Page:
Normally when I write about 4e, I do so trying to talk about the game in a way that doesn’t involve or introduce any particular changes to the game. It’s not useful for me to advocate for a game in terms of ‘here’s how cool this game is, if you accept my houserules.’ Typically speaking, I try to talk about what’s in the rulebook, even if I’m gleeful about pointing out the ways that we didn’t play 3e by the rules and probably nobody else did.
But it’s a bit of a challenge to advocate for something when you’re actually advocating for a connected idea in your head. Like, at that point I might as well point out that part of why I like 4e D&D so much is I get to play it with my cool friends who are great, and at that point: Who am I fooling, of course that game kicks ass. If I present new content for 4e, it’s discretely new; it’s cultures from my own world, new class feats or whatnot, but it’s not asking you to change anything in the game that exists. That makes this something new, and something I am doing with so much more thought than it really needs.
Anyway, hey, what if the Monk was Martial, not Psionic?
I’ve written in the past about how the Monk, the class, in 4e is a psionic class, and how that psionic flag on them is a strange exception. My ‘conspiracy theory’ is that it’s detritus from the ki power source that was ditched at some point, either for good reasons (‘is this a little racist?’) or mediocre reasons (‘we can’t think of three other classes for this’). To simplify, the Psionic power source represents four classes: Battleminds, Ardents, Psions, and Monks. Battleminds, Ardents and Psions all have a system of power points and feats that relate to them, and the Monk has a totally different system called Full Disciplines. And the Monk is Psionic, despite having nothing in common with the other Psionic classes. Weird, right?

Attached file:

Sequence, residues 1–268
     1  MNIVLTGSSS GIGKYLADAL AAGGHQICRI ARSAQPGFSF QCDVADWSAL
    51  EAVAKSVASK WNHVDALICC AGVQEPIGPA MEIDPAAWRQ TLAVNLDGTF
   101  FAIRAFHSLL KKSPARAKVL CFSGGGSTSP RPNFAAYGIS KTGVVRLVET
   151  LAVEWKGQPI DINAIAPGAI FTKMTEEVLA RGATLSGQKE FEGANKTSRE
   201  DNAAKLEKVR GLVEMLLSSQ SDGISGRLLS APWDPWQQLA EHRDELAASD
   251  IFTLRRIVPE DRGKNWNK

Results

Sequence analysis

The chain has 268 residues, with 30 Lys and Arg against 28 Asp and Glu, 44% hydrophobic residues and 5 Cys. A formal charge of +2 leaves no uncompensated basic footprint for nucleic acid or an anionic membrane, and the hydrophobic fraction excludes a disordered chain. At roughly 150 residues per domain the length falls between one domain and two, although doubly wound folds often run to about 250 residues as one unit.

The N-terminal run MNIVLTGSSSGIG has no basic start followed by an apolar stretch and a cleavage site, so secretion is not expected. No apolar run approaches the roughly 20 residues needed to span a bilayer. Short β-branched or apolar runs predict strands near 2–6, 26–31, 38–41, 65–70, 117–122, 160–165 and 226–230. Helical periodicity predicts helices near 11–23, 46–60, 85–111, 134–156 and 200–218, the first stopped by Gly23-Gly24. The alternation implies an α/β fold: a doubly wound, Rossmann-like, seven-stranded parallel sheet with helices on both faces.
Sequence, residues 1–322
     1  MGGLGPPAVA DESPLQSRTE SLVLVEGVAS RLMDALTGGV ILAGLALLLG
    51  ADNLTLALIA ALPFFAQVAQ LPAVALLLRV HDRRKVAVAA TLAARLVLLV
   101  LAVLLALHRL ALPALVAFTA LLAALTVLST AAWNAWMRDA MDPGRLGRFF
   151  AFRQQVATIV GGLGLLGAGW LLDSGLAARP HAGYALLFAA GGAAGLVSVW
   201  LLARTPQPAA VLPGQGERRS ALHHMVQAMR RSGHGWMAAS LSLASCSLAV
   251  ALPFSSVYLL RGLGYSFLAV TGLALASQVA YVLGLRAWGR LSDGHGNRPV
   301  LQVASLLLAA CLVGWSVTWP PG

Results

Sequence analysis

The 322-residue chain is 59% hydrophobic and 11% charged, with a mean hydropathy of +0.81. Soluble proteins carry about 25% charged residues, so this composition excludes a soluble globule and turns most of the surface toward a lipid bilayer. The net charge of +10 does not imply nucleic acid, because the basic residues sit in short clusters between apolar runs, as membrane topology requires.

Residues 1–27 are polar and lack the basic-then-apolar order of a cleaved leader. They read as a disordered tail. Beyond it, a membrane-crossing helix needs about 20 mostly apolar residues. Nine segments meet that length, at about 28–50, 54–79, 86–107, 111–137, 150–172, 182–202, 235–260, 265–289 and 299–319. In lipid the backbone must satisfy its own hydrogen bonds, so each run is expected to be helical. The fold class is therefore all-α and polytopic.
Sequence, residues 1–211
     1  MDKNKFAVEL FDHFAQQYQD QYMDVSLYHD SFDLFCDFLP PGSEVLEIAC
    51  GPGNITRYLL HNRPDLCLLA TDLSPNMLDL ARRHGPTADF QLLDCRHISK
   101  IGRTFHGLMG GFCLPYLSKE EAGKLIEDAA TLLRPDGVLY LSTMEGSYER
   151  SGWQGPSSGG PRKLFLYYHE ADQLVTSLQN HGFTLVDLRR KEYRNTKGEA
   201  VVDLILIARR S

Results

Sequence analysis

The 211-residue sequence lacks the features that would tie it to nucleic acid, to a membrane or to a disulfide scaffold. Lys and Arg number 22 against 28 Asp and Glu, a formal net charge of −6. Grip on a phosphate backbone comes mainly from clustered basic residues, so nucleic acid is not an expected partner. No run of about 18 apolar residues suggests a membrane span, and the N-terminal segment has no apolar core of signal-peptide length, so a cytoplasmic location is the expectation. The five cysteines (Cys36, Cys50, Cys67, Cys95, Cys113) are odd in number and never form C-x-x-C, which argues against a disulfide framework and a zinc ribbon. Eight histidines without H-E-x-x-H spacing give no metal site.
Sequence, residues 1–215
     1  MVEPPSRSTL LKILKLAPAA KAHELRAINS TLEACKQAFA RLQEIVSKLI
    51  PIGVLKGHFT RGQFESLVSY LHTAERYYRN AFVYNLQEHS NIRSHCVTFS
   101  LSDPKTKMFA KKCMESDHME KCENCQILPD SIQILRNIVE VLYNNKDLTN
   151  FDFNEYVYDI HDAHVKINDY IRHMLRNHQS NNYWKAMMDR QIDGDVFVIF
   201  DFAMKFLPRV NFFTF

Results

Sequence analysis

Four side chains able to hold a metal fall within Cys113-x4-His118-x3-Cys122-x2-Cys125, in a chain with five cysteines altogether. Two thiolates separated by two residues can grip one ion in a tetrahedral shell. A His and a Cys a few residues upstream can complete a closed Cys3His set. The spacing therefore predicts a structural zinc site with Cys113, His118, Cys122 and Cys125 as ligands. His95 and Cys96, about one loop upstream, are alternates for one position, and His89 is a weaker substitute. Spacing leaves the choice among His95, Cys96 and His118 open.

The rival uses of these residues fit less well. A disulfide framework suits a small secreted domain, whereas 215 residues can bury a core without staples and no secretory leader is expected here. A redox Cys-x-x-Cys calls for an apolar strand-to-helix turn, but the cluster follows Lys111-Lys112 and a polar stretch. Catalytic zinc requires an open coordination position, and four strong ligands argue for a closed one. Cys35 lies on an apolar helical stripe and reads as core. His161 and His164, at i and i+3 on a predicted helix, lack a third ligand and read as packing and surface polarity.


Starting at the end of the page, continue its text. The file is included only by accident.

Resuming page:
It’s not even like ‘Psionic’ is a generic term lacking in a particular meaning in the context of 4e D&D. In one of the stranger beats in the rulebook, ‘Psionic’ power is power that stems from a contact with the Far Realms. That makes sense for the horror opened unnatural eyes and bending of reality of the Battlemind and Psion, but the Monk’s power is described as coming from within. They’re expressed as pushing the limits of the body, tapping into a greater spirit, and coming to understand something about themselves.
Look, who am I kidding: You know exactly what “Monk” means. It’s Kung Fu shit. It’s a class of Kung Fu shit and Kung Fu in the west has no association with psychic powers. Despite the way Kung Fu may be tied to a bunch of different kinds of mysticism, in the west it’s tied to mastery of the body, and typically is explicitly the opposite of magical powers. A kung fu hero is the guy who beats up some kind of wizard or talisman wielder, not a guy who can channel the power of his mind to change things across the world. Sure, you can argue that Kung Fu shit is about using the mind to power the body, but the Kung Fu Shit still punches things powered by the mind.
It’s not far realm Lovecraftian brain tentacles. It’s cool Kung Fu shit.